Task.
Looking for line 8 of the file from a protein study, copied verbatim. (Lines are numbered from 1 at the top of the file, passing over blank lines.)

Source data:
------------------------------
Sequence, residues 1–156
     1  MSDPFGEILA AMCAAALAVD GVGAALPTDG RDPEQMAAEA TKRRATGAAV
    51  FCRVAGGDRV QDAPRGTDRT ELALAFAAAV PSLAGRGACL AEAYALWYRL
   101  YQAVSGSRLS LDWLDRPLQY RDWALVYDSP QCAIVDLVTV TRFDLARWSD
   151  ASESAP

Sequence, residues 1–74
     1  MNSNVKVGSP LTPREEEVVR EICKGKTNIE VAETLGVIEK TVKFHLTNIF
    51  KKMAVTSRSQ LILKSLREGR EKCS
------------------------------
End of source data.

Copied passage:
    51  KKMAVTSRSQ LILKSLREGR EKCS